Terror threats emanating from Somalia, Yemen, Syria and Iraq — in particular ISIS — pose a greater danger than those that might emerge from Afghanistan, Director of National Intelligence Avril Haines told the annual Intelligence and National Security Summit.
“In terms of the homeland, the threat right now from terrorist groups, we don’t prioritize at the top of the list Afghanistan,” she said, speaking by videoconference. “What we look at is Yemen, Somalia, Syria and Iraq for ISIS. That’s where we see the greatest threat.”
Haines said that a primary focus for the intelligence community now is monitoring “any possible reconstitution of terrorist organizations” in Afghanistan.
ISIS still operates in Syria and Iraq, although the group has been tamped down by the US military presence in both countries. In Yemen, an al Qaeda offshoot based there has attempted attacks on the United States. And in Somalia, the US has regularly conducted counterterrorism strikes against Al-Shabaab, which in early 2020 launched an attack on a US facility in Kenya that killed a US soldier and two US contractors.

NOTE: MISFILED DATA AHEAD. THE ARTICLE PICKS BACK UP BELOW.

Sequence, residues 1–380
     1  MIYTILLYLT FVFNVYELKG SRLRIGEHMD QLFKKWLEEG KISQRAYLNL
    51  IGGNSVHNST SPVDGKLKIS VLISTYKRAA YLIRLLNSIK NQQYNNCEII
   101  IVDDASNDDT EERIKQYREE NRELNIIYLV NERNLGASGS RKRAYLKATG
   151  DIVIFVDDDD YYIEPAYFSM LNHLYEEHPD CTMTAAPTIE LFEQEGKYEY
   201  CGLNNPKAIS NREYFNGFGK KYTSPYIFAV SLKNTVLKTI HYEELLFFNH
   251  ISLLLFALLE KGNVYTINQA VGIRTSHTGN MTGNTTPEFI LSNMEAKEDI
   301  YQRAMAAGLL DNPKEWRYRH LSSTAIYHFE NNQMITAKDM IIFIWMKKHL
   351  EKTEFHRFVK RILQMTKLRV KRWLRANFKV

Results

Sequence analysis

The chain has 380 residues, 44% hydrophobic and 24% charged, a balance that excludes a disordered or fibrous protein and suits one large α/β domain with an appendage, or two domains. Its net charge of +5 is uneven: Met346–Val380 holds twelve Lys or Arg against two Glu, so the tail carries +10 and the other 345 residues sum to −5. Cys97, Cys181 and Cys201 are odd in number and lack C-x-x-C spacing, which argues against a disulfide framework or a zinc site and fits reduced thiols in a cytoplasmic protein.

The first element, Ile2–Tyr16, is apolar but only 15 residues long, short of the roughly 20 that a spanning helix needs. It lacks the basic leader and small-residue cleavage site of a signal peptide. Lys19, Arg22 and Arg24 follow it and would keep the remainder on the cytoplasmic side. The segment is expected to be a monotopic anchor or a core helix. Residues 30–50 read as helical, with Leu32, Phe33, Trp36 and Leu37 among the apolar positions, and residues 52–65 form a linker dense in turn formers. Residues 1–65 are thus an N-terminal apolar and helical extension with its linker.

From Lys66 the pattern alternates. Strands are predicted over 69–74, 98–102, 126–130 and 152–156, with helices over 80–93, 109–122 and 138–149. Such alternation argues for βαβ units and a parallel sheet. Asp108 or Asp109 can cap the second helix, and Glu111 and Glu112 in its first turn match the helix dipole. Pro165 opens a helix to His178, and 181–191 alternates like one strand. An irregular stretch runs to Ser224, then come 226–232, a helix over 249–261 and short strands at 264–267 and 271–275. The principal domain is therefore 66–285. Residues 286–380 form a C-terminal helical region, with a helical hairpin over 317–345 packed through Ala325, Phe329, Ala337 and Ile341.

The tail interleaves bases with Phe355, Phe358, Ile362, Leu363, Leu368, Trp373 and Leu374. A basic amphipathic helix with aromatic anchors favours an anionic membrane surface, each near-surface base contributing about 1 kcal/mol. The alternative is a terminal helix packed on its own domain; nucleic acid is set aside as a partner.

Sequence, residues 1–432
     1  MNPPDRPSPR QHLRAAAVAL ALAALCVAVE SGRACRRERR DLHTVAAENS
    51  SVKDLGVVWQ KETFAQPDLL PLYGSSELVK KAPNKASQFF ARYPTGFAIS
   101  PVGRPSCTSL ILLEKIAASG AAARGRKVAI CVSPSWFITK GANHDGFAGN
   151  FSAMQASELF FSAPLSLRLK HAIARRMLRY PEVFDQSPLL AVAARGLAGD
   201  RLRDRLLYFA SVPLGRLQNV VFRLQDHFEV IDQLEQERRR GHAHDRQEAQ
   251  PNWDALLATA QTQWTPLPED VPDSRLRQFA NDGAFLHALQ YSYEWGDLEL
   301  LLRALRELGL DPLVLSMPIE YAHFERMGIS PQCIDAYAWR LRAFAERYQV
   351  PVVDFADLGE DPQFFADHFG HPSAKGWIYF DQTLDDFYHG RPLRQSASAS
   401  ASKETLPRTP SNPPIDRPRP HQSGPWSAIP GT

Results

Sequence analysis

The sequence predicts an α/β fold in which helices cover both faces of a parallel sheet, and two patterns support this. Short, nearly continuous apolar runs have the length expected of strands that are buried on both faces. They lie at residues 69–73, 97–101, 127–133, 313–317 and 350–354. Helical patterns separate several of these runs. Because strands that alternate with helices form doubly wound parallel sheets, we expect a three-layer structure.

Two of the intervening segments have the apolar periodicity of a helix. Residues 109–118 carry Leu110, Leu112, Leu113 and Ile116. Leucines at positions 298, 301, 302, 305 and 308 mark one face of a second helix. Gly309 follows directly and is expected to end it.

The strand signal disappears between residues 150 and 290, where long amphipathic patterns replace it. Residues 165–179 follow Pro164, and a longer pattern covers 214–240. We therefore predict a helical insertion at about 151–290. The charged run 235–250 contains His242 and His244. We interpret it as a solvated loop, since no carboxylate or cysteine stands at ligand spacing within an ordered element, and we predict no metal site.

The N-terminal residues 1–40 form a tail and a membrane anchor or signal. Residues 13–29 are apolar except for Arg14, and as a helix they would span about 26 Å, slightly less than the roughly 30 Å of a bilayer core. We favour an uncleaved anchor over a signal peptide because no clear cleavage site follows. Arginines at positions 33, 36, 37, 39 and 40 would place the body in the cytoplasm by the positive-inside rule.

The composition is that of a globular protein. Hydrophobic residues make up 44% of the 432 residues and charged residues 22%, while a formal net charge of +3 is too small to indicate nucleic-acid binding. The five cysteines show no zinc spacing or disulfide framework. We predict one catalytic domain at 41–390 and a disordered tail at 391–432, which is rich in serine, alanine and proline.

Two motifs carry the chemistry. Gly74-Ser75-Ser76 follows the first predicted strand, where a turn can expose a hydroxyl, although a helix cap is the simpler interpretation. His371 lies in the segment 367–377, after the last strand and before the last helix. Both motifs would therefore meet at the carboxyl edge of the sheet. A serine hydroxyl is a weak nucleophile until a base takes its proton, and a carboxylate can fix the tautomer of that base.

CNN has previously reported that it has become infinitely harder for the US intelligence community and military to gather information needed to carry out counterterrorism strikes against ISIS and other targets inside Afghanistan without US troops on the ground.
The Biden administration and military commanders have insisted that they have what the military terms “over the horizon” capabilities — the ability to conduct surveillance and carry out counterterrorism strikes from afar — that they need to uncover and prevent terrorist planning in Afghanistan. But former officials, lawmakers and others have raised doubts about the administration’s plan, saying they have seen few details to support it.
Haines said Monday that the intelligence community is developing “indicators so that we can understand what are the things that we would be likely to see in the event that there were reconstitution” of terror groups in Afghanistan.
That means ensuring that “we have sufficient collection to monitor against those indicators, so that we can provide a warning to the policy community, to the operators, so that they’re able to take action in the event that we do see that,” she said.